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In my last post I mused aimlessly about the difference between the definitions of “Civil Union” and “Marriage”, and how with the support of Prop 8 certain churches would like to define “marriage” as a strictly religious union. Yet, at the same time they say they support Civil Unions, but Prop 8 (and others like it throughout the U.S.) even ban them.

My point being was that Civil Unions are performed by Civil Servants and have no connection whatsoever to religiously recognized unions.

Case in point.  My first wife and I were married in the Greek Orthodox Church.  However, when we split I did not seek the Church’s recognition of the divorce for the sole purpose of I really had no need to throw my ex-wife under the bus and confess her sins against me for their perverted purposes.  So in the eyes of the State we are divorced and I am now married to Lucretia MacEvil.  If the State did not believe we were really divorced they would not have allowed me to marry Lucretia.  In the eyes of the Greek Orthodox Church however, they do not recognize the State’s divorce and I am still married to my ex-wife, and because of this if I so desired to take communion I could not until I seek their recognition of the dissolution of my first marriage.

My mother did the same with her first marriage and to the day of her death she was refused Holy Communion by the Greek Orthodox Church.

So where is the line drawn?  Is a State recognized marriage simply a Civil Union and to be truly “married” you must be joined by a religious body of some kind?  Clearly, State recognized marriage is completely different than a religious-recognized marriage. Unless of course it is in the religion’s best interest to blur the line.  This “Government stay out of our business, but we’ll mingle in yours when it suits us” attitude is one of the real issues that should be addressed.  The Constitution protects a Church’s right from Government interference, but what protects the Government from Church’s interference?  Nothing.  Nice situation for the Church, eh?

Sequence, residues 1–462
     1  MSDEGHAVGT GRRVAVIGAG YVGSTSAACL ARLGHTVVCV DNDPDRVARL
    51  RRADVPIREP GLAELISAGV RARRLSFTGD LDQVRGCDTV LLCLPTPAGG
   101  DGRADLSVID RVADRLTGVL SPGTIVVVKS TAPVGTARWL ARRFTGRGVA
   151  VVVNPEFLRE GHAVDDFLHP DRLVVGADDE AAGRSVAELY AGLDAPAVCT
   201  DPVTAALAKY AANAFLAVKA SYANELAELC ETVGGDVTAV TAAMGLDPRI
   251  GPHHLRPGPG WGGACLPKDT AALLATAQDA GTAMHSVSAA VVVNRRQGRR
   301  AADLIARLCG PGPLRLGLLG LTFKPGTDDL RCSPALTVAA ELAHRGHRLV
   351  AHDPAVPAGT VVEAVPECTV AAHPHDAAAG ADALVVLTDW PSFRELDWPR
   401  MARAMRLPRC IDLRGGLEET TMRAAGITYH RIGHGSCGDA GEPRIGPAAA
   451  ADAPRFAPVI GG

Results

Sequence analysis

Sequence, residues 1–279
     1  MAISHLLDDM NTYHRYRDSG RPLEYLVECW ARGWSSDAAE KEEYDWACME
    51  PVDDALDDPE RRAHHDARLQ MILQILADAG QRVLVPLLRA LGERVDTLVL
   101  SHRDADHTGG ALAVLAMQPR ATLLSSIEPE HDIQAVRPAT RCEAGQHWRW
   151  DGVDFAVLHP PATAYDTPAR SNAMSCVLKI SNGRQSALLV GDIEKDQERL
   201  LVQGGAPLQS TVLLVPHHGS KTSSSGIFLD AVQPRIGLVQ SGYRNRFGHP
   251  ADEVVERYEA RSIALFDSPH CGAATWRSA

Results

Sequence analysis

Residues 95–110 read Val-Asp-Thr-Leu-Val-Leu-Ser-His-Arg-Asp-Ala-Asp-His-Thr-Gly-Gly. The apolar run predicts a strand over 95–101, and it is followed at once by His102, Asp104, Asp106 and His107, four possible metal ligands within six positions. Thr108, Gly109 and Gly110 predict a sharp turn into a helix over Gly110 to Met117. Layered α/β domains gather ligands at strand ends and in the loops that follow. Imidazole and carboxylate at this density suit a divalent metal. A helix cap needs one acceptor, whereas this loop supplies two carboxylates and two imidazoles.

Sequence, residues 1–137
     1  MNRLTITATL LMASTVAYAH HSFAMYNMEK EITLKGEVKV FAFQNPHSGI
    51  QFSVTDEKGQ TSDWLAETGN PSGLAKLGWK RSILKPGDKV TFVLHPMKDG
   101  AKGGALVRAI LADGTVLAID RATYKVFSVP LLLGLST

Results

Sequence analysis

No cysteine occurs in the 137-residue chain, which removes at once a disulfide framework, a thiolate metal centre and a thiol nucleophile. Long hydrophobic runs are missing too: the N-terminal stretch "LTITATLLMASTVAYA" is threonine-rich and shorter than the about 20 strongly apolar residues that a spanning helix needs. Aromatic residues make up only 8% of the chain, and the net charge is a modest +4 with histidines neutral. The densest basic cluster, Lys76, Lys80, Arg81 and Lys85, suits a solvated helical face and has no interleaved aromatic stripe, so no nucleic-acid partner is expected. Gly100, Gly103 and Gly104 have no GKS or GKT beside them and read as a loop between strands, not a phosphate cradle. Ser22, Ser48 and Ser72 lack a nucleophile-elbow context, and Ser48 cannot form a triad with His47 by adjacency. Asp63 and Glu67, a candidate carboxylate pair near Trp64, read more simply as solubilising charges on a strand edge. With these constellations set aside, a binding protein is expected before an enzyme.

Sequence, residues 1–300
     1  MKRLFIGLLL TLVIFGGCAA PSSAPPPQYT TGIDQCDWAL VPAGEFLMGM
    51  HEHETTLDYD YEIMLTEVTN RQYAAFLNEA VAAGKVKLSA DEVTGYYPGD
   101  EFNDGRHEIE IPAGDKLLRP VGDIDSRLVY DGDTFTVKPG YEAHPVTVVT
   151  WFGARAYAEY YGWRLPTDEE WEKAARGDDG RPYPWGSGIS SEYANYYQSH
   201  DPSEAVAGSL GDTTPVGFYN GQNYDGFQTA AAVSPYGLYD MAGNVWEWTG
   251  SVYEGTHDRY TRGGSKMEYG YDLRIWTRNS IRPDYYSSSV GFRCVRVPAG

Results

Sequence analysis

The masses don’t understand the difference.  A church leader can perform marriages because as an ordained minister of any kind he is automatically given (in most states) the authority to also perform a State recognized union which entitles the couple to all the benefits given to a “married” couple.  A couple can get these same benefits being married by a judge, a county clerk, a justice of the peace, etc.  The only difference?  The union is not recognized “in the eyes of the Lord” by the opinion of the Church of Whatever.

Great. They don’t have to recognize it or give the couple who don’t prescribe to that religion any benefits bestowed upon a “married” couple within that particular church.  So why are We The People allowing churches to dictate who of other faiths — or no faith — can be joined in a State and Federally recognized union and who can’t?